There have been incidents over the years involving file wiping malware, including recently in Ukraine. While some of these malicious programs have masqueraded as ransomware as a distraction, it's not common to have actual ransomware bundled with such functionality.
The usefulness of using this revenge mechanism based on a timer is debatable since the victim will be aware they were hit by ransomware and the first step in a ransomware incident response is to neutralise the threat and then decide whether to negotiate for file decryption.
It's not clear who are the authors of LokiLocker, but the BlackBerry researchers noted that the debugging strings found in the malware are written in English without any major spelling mistakes that are sometimes common with Russian or Chinese malware developers. Instead, there are some potential links to Iran, but these could be planted to throw off malware researchers.
The malware contains the string "Iran" in a routine that is potentially intended to define countries that should be excluded from file encryption, which is a common approach for some ransomware creators. However, this functionality doesn't seem to be implemented yet.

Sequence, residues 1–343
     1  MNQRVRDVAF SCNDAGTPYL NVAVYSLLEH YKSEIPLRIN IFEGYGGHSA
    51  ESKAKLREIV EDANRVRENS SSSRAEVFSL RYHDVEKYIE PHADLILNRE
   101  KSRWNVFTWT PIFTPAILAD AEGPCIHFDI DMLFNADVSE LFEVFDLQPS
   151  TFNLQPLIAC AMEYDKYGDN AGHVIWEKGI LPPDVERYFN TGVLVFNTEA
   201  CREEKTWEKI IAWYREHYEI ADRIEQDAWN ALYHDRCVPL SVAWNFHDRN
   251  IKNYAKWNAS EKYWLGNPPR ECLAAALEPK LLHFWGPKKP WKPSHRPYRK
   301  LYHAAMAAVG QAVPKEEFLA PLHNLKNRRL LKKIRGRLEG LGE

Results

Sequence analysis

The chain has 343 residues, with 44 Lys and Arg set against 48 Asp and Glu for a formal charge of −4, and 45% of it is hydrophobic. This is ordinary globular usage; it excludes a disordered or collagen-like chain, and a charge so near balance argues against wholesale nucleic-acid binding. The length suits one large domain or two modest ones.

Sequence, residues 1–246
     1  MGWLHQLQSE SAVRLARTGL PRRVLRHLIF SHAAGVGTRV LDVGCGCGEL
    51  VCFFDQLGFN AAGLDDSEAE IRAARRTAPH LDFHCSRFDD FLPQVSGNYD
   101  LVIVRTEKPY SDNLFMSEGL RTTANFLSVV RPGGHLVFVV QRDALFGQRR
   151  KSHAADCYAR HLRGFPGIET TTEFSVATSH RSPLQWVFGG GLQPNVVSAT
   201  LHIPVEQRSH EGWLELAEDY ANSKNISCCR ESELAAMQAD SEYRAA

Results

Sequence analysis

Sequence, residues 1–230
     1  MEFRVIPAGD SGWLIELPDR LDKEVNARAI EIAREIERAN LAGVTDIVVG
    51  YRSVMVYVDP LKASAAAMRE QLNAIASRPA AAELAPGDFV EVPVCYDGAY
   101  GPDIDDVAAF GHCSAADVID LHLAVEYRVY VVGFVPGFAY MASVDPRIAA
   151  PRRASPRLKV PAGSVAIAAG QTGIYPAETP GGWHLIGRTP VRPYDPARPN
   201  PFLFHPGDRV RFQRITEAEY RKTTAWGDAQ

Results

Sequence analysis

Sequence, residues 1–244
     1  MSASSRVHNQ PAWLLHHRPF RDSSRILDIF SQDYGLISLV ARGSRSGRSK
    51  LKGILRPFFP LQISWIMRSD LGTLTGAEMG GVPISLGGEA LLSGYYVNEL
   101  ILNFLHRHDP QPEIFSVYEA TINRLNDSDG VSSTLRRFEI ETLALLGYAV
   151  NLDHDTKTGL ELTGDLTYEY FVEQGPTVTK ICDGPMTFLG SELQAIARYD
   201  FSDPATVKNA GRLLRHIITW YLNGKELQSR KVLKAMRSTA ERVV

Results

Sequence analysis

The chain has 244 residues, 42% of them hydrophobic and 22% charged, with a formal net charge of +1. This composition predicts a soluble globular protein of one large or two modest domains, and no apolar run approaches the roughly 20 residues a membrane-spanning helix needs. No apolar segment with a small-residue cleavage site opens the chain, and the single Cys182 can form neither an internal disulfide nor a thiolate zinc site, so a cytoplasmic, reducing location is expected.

Some of the earliest samples of LokiLocker were distributed as Trojanized version of brute-force credential checking tools such as PayPal BruteChecker, Spotify BruteChecker, PiaVPN Brute Checker and FPSN Checker.
Some of these tools -- not their Trojanized versions -- are created by an Iranian cracking team called AccountCrack. Furthermore, at least three LokiLocker affiliates have usernames that can also be found on Iranian hacking forums.
"It’s not entirely clear whether this means they truly originate from Iran or that the real threat actors are trying to cast the blame on Iranian attackers," the BlackBerry researchers said. "With tricksters and threat actors, it can be difficult to tell the difference between a meaningful clue and a false flag -- and one can never be sure on how far down the rabbit hole the deception goes."